Protecting your irrigation system in winter

A residential or commercial irrigation system can be advantageous for a number of reasons. Thanks to programmable timers and control systems, they can be set to water a lawn at specific intervals for a specific time or based on water used. They’re designed to cover a large area, and conserve water while providing maximum benefit to lawns, flowers, shrubs, and other landscaping elements.

But because Canadian winters are extremely harsh with violent freeze and thaw cycles, we always recommend an irrigation system be maintained and prepped in advance of freezing temperatures. In any area where temperatures dip below freezing for more than a few hours a night, a sprinkler system needs to be drained of excess water. If water remains in the lines or control valves, it will expand upon freezing and damage the system, rendering it inoperative and perhaps resulting in a costly water line break.

At Pyramid Contracting, we provide a wide range of landscaping services, including sod replacement, installing walkways, and designing, installing, and servicing an irrigation system for customers throughout the Greater Toronto Area.

Preparing a sprinkler system for long winter months isn’t as difficult as it seems if you follow these steps:

  1. Close the main system shut-off valve, which is normally located where the main feed for the system “Tees” off the main water line into the residence or place of business. For systems with an electronic control, set it to “rain” so it won’t need to be re-programmed in the fall; if the system is manual, turn off the rotating clock control mechanism.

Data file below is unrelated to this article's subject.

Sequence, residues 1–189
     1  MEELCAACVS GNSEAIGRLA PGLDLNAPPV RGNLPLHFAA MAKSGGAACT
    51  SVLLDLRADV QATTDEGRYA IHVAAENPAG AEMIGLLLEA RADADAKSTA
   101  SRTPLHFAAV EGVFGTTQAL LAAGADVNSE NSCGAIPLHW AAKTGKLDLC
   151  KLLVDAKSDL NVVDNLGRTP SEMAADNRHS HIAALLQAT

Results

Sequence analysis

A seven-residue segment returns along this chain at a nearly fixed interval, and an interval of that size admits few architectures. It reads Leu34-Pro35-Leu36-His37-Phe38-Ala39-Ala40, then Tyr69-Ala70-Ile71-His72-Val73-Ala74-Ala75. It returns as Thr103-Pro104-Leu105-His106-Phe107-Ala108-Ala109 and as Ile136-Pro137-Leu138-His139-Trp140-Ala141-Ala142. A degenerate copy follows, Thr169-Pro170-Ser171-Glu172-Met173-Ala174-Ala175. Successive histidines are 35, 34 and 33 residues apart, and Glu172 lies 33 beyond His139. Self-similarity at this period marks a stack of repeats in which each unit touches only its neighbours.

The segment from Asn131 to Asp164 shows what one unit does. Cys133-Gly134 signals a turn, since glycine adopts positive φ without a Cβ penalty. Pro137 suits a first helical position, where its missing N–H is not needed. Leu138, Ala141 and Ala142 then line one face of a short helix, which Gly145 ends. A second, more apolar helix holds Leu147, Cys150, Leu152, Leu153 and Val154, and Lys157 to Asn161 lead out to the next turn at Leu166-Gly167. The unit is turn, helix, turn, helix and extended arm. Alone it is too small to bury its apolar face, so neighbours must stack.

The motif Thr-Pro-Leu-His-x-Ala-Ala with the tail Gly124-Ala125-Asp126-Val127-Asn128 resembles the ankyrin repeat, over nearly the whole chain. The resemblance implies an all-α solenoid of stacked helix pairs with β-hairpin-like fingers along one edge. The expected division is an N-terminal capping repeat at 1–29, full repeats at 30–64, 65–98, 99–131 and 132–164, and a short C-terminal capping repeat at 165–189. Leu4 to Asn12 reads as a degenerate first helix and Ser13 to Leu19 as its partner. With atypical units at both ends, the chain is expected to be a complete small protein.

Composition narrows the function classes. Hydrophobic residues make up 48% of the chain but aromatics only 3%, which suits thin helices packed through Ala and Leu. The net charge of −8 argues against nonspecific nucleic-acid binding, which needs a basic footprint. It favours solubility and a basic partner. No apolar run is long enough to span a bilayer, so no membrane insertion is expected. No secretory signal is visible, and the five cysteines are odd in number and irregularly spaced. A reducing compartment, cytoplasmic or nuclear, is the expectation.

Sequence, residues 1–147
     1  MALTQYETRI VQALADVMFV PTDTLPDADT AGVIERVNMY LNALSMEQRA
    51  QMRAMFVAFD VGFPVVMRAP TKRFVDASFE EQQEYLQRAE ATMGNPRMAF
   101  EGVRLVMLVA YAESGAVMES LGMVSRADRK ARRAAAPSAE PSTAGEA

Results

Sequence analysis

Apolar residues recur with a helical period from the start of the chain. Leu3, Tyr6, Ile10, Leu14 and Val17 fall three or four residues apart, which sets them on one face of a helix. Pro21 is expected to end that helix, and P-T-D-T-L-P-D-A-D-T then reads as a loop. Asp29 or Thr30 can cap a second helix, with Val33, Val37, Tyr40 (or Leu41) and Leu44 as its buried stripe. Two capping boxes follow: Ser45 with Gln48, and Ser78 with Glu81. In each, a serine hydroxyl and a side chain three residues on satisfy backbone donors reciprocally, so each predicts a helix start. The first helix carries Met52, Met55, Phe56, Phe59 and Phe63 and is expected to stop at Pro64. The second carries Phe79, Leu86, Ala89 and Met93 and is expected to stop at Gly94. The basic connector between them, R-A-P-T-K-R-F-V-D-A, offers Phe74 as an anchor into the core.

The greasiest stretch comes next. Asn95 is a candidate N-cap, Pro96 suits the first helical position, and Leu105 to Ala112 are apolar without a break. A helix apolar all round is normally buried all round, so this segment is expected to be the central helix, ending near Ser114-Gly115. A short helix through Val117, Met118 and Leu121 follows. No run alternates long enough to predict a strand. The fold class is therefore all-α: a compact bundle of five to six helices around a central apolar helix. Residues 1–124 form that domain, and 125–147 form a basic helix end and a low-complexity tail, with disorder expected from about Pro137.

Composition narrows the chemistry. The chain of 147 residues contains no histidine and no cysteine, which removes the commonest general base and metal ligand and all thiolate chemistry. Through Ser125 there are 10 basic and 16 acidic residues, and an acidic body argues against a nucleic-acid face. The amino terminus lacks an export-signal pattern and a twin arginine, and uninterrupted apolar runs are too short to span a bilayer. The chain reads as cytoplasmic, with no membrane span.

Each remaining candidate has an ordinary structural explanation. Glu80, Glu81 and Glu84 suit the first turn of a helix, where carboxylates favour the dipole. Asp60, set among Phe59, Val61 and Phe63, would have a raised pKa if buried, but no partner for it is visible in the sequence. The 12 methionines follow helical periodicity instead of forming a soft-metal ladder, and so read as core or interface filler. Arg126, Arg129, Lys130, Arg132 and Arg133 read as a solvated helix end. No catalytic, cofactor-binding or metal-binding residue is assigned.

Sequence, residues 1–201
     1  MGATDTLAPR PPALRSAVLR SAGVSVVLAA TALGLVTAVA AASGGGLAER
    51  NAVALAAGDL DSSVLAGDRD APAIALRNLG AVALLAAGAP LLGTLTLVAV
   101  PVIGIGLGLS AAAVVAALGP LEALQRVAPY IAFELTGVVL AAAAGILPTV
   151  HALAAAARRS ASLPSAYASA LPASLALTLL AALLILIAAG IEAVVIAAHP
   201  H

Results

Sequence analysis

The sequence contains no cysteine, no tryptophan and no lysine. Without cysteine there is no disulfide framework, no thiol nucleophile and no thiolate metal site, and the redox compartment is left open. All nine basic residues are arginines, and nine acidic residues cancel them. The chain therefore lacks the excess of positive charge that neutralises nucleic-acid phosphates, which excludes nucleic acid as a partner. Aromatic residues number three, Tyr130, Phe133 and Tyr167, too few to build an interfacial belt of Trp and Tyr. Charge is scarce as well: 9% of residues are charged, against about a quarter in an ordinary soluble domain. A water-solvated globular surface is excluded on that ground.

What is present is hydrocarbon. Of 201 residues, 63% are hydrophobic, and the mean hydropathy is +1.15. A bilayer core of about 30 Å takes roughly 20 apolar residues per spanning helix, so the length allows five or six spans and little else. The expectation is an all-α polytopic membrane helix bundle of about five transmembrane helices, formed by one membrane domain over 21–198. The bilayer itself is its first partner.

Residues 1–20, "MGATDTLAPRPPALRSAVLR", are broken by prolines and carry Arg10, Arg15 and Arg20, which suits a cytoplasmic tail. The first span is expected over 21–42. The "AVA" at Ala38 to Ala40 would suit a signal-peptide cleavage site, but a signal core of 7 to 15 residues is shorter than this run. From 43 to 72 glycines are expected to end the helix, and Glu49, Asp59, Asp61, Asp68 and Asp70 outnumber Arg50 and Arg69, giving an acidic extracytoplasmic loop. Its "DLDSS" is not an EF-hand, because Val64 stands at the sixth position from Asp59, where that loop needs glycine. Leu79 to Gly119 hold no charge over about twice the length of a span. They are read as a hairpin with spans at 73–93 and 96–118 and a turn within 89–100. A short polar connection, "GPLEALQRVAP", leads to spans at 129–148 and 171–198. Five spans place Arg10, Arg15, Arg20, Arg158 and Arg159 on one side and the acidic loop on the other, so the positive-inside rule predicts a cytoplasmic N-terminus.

2. Turn the ball or gate valves on the sides of the backflow device if one is installed. To drain a manual system, open the valves where they’re installed at the lowest place per line. Once the water pressure falls, automatic drains will open and as the lines completely drain will close again.
  3. Next, open the backflow drain, typically located on a vertical pipe between the shutoff valve and main line or even a stopcock on the side of a backflow device. Then, allow any backflow to drain completely by opening the valve between the main line that goes out to the sprinklers and the backflow device.
  4. The fifth step is to attach an air compressor to the blow-out adapter, which could be located on the backflow device or on a standpipe on the main line. Hint: If using an air compressor, there’s no need to exceed air pressure greater than 50 psi. Blowing air through the line will result in the sprinkler tops to pop up and blow out what appears to be steam. Caution: Don’t run an air compressor for more than a few minutes at a time, but if you notice water in the backflow device or backflow pipe, the process should be repeated.
  5. When preparing your irrigation system for the winter, follow all manufacturer’s instructions for drying off and caring for the sprinkler heads. Each company — Orbit, Rain Bird, Toro, Hunter, Nelson, or any other – has their own recommended process.

If you are still not sure how to protect and prepare your irrigation system for winter then give Pyramid contracting a call, we have been installing, repairing and protecting irrigation systems for many years and we would love to help you with yours. Call us today.